2 KM RETURN - 1 HR - STEEP
Maitland Bay is one of the most popular hidden beaches in Bouddi National Park. You can only get there by walking through the bush. And it's worth it.
Walk down the steep but spacious 900 m Maitland Bay track to get to the beach. This track is most direct way, but there are other ones that lead to the beach as well (more below).
This walk is one of the most popular in Bouddi. Understandably – it’s short and well-maintained. And it brings you to a beautiful hidden beach through gullies and lush vegetation.
It's also technically easy. Even if the track is steep (it steadily descends from the carpark all the way to the beach), the slope is paved and there are stairs... very civilised.
Kids can do the walk too… Our four-year-old nearly made it to the top on his own. Then we gave him a piggyback ride... lucky him!
If you want to take it slow, allow 20 min to walk down and 50 min to walk back up.
It’s worth doing the walk even during an overcast day. The beach then may not be picture-postcard perfect but it will make you feel like you’re in complete wilderness... especially if there's hardly anyone around.
On a sunny day the water is sparkly blue and clear. The beach then is picture-postcard perfect. Last time we saw dolphins… can it get any better?
This is what you’ll see when you come out of the track...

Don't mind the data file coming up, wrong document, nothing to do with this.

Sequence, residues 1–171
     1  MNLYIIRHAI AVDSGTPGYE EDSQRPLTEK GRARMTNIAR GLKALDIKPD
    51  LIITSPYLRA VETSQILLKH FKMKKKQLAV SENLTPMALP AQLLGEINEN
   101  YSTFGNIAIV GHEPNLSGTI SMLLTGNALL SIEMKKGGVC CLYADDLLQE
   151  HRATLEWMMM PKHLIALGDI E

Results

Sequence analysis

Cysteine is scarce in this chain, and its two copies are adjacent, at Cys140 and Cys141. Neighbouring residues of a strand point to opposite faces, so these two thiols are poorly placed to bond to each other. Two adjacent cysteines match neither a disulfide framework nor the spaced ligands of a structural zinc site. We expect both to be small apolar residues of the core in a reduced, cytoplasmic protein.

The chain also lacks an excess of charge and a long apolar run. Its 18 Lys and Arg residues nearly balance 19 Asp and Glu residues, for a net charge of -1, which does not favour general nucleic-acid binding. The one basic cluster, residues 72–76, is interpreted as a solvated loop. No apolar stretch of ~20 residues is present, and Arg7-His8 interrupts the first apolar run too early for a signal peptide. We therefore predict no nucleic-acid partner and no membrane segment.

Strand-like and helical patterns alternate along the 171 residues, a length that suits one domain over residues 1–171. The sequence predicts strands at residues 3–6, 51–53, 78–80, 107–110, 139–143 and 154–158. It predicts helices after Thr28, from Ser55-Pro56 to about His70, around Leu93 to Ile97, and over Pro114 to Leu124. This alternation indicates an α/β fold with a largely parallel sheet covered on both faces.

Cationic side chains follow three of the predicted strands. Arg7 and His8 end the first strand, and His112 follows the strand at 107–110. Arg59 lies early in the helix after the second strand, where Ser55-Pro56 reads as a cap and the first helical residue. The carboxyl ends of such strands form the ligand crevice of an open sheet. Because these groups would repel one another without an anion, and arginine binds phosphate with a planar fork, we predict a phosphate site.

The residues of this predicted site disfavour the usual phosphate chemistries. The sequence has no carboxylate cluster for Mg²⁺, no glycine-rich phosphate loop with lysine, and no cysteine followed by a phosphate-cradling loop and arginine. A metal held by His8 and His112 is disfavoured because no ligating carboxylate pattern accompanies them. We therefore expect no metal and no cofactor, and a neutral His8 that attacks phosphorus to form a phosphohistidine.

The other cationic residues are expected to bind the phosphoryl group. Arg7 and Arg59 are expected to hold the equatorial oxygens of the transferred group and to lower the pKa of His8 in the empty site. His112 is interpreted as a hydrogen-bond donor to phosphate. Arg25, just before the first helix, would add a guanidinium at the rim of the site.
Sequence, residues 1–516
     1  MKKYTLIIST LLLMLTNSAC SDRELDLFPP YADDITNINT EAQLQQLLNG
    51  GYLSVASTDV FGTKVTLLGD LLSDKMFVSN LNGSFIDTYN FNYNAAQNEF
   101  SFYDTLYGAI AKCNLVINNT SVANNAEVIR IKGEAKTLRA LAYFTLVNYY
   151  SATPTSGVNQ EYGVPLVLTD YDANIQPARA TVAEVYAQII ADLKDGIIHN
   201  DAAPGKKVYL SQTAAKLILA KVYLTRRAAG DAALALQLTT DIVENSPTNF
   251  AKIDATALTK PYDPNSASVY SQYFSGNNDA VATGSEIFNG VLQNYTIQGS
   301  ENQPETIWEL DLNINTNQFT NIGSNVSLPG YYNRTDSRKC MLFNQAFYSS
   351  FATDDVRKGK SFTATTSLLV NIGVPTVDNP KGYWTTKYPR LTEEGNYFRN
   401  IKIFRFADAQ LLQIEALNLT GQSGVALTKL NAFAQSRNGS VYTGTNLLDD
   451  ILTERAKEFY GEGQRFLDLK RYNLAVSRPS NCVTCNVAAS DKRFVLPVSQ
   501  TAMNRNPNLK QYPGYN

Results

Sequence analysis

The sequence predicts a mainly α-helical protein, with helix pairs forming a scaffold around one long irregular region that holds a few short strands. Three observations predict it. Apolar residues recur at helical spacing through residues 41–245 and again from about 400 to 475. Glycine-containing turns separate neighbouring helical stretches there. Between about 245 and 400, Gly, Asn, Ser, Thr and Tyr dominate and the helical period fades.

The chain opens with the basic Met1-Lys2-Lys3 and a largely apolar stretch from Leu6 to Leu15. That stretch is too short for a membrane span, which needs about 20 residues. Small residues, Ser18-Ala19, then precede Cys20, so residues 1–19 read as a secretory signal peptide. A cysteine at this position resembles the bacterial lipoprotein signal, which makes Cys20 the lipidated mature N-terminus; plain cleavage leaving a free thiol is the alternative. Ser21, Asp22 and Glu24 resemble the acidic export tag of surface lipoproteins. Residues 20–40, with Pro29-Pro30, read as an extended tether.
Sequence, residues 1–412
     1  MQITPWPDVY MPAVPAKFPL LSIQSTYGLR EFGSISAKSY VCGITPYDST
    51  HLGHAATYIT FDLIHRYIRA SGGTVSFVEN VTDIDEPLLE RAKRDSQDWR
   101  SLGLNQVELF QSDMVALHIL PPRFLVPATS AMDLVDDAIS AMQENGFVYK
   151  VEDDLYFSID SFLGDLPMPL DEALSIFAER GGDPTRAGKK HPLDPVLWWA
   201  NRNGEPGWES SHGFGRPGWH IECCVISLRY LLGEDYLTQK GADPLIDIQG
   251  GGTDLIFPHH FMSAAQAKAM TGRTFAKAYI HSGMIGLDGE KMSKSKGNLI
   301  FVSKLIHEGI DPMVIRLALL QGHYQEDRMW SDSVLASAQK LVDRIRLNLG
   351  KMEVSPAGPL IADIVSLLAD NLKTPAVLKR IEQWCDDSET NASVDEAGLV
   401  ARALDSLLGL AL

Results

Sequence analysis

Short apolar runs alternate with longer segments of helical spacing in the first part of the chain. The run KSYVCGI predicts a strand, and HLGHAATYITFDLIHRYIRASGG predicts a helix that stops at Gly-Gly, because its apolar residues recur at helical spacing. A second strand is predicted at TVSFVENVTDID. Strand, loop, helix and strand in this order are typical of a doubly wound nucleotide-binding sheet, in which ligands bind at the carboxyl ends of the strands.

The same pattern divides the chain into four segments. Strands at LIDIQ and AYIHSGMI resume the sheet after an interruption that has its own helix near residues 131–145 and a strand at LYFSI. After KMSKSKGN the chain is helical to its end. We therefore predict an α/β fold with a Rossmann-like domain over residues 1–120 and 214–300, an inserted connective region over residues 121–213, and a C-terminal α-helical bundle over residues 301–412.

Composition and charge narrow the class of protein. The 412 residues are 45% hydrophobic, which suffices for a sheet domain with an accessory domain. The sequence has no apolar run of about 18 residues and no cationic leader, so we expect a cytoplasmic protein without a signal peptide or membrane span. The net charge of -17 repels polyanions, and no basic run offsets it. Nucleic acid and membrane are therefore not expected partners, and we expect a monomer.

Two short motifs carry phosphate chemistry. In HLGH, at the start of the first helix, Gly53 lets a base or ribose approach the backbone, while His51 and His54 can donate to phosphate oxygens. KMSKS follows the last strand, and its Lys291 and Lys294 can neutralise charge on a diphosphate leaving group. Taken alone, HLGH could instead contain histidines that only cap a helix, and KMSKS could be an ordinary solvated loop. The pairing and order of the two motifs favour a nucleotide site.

It must have looked the same hundreds of years ago – an empty beach surrounded by untouched bushland.
You’ll see at most a handful of people on the beach and in the water (maybe a bit more during the peak holiday season but the beach is never packed).
Set aside a couple of hours to dip your toes and have a picnic.
The bay is a 600 m sandy beach backed by dense bush.
The name “Maitland Bay” comes from the SS Maitland ship that sank off the coast in 1898. “Boat Harbour” was the old name of the bay, but after the shipwreck tragedy the name was changed to the current one.
The ship had left Sydney the day before but the weather deteriorated and the wind blew at close to 100 km an hour. Water started to fill the ship in the middle of the night. In early morning, the boat hit the rocks off Boat Harbour and snapped in two. Twenty-seven people perished.
You can still see the remains (of the boat!) on the eastern side of the beach when the tide is low.
As you can imagine the disaster made the headlines for a long time. Many people afterwards claimed they saw ghosts on the beach.
In 1957 fishermen found the ship bell under water. The bell is now kept safely at Henry Kendall Museum in West Gosford.
The bell you see in the memorial in front of the Information Centre is a replica. On the memorial, it’s written that the wreck occurred the 5th May, but it’s in fact the 6th May...
If you want to see some bits and pieces of 100+ years old rusted shipwreck, visit at lowest tide. Walk to the eastern end of the beach then along the rocks...
If you’d like to walk longer, the track links up with three other lovely walks: the Coastal Walk, Mount Bouddi walking track and Bullimah Spur track.